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“To be or not to be?” mankind has probably raised this question since the first men and women confronted life and death on earth. Will Saturn bring me old age? Though the answer depends upon the gods, the evil spirits, or disease, according to the times, Man has nevertheless sought his future in the leaves of the tea-cup, the palm of one’s hand, the crystal ball, or ... the life table. The history of the life table has been briefly sketched by D. Smith and N. Keyfitz (1977). Though the origins of the “mortality tabl” (as the French say) date back to the classic studies of Graunt, Halley, and Euler, a third century A.D. table of annuities, attributed to Ulpian, bears witness to the interest of the Romans for life annuities and therefore for compiling life experiences. Indeed, life tables are a subject of interest not only for demographers but also for actuaries and epidemiologists. The study of the extinction of a group of “lives” forms an important domain of insurance theory, and the construction of the life table is described in all actuarial books dealing with life insurance; for a recent example, see F.E. De Vylder (1997). Even if nowadays non-life insurance problems dominate actuarial theory, life contingencies still form the backbone of the insurance business. Life tables are also considered in epidemiology; see e.g. the textbook by J. Estève et al. (1993). Epidemiologists are however more interested in measuring the incidence and prevalence of diseases, and determining possible risk factors of morbidity and mortality, than in evaluating the mortality of the general population. As a corollary, epidemiology draws its data more from special surveys and registers, such as longitudinal heart studies or cancer registries, than from general population statistics such as vital registration and census.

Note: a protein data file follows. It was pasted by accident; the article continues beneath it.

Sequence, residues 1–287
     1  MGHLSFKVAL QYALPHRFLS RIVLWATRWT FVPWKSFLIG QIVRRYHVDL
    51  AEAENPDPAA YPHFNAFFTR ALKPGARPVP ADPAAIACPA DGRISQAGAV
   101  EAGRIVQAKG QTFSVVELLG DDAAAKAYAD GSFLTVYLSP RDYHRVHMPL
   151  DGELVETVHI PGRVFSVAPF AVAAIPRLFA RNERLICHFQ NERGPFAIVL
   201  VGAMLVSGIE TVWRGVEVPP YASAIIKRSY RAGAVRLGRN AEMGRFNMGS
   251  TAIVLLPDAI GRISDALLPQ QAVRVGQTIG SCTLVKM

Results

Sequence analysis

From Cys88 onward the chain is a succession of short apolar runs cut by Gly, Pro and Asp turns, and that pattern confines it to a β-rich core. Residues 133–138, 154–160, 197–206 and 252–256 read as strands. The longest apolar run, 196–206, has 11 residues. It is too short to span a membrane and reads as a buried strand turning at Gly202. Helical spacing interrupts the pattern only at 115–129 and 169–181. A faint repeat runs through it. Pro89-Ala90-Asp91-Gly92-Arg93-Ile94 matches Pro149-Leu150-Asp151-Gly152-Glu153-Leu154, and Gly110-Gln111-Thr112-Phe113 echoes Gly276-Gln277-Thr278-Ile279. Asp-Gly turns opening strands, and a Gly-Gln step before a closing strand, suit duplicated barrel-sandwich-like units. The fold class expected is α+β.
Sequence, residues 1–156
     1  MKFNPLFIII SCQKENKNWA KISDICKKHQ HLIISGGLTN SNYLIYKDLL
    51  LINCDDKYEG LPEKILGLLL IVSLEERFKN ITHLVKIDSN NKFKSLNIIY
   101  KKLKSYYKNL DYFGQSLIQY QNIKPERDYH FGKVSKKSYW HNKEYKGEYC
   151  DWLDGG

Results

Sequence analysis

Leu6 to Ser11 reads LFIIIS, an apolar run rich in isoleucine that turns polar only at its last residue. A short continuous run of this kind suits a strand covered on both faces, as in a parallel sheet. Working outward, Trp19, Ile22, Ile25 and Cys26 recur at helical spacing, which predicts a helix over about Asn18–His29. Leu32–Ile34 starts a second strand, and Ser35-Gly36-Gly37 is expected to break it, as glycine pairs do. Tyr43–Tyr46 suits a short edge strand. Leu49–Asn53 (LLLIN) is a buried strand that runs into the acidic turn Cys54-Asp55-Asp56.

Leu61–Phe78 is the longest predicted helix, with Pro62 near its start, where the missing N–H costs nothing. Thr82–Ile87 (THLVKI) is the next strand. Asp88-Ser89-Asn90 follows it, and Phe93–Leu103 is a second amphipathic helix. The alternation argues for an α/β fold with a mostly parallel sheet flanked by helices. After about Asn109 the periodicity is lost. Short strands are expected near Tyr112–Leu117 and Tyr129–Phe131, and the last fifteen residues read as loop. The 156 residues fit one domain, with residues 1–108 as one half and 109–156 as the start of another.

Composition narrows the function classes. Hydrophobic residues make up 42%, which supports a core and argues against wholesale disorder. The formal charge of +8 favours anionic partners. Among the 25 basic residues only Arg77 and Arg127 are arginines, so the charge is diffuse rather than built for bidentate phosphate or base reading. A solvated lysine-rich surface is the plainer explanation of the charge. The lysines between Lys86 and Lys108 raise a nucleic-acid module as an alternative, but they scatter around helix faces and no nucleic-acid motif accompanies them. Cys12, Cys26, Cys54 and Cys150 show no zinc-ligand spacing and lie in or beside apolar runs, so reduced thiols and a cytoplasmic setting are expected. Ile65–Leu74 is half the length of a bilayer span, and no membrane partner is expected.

KeywordsLife Table Cohort Effect Vital Registration Compete Risk Model Insurance Theory
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